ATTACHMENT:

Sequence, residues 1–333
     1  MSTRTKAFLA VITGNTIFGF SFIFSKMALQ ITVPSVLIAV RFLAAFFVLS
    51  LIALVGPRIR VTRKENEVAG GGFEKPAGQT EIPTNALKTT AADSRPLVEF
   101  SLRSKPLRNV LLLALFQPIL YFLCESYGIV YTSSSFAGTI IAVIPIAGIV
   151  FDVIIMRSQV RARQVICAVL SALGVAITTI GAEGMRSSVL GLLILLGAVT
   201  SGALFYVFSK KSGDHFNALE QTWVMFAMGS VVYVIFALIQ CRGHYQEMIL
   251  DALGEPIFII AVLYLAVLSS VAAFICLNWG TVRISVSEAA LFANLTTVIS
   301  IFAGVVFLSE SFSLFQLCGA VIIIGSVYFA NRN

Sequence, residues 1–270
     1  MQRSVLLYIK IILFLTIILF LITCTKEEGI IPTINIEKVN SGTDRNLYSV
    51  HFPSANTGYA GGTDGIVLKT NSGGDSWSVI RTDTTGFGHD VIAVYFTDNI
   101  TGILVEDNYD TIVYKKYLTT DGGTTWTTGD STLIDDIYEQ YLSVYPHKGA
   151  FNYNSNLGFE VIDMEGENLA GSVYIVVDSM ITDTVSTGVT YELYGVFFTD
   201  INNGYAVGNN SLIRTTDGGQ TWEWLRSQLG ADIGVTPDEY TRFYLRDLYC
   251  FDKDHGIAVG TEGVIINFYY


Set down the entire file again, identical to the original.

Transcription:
Sequence, residues 1–333
     1  MSTRTKAFLA VITGNTIFGF SFIFSKMALQ ITVPSVLIAV RFLAAFFVLS
    51  LIALVGPRIR VTRKENEVAG GGFEKPAGQT EIPTNALKTT AADSRPLVEF
   101  SLRSKPLRNV LLLALFQPIL YFLCESYGIV YTSSSFAGTI IAVIPIAGIV
   151  FDVIIMRSQV RARQVICAVL SALGVAITTI GAEGMRSSVL GLLILLGAVT
   201  SGALFYVFSK KSGDHFNALE QTWVMFAMGS VVYVIFALIQ CRGHYQEMIL
   251  DALGEPIFII AVLYLAVLSS VAAFICLNWG TVRISVSEAA LFANLTTVIS
   301  IFAGVVFLSE SFSLFQLCGA VIIIGSVYFA NRN

Sequence, residues 1–270
     1  MQRSVLLYIK IILFLTIILF LITCTKEEGI IPTINIEKVN SGTDRNLYSV
    51  HFPSANTGYA GGTDGIVLKT NSGGDSWSVI RTDTTGFGHD VIAVYFTDNI
   101  TGILVEDNYD TIVYKKYLTT DGGTTWTTGD STLIDDIYEQ YLSVYPHKGA
   151  FNYNSNLGFE VIDMEGENLA GSVYIVVDSM ITDTVSTGVT YELYGVFFTD
   201  INNGYAVGNN SLIRTTDGGQ TWEWLRSQLG ADIGVTPDEY TRFYLRDLYC
   251  FDKDHGIAVG TEGVIINFYY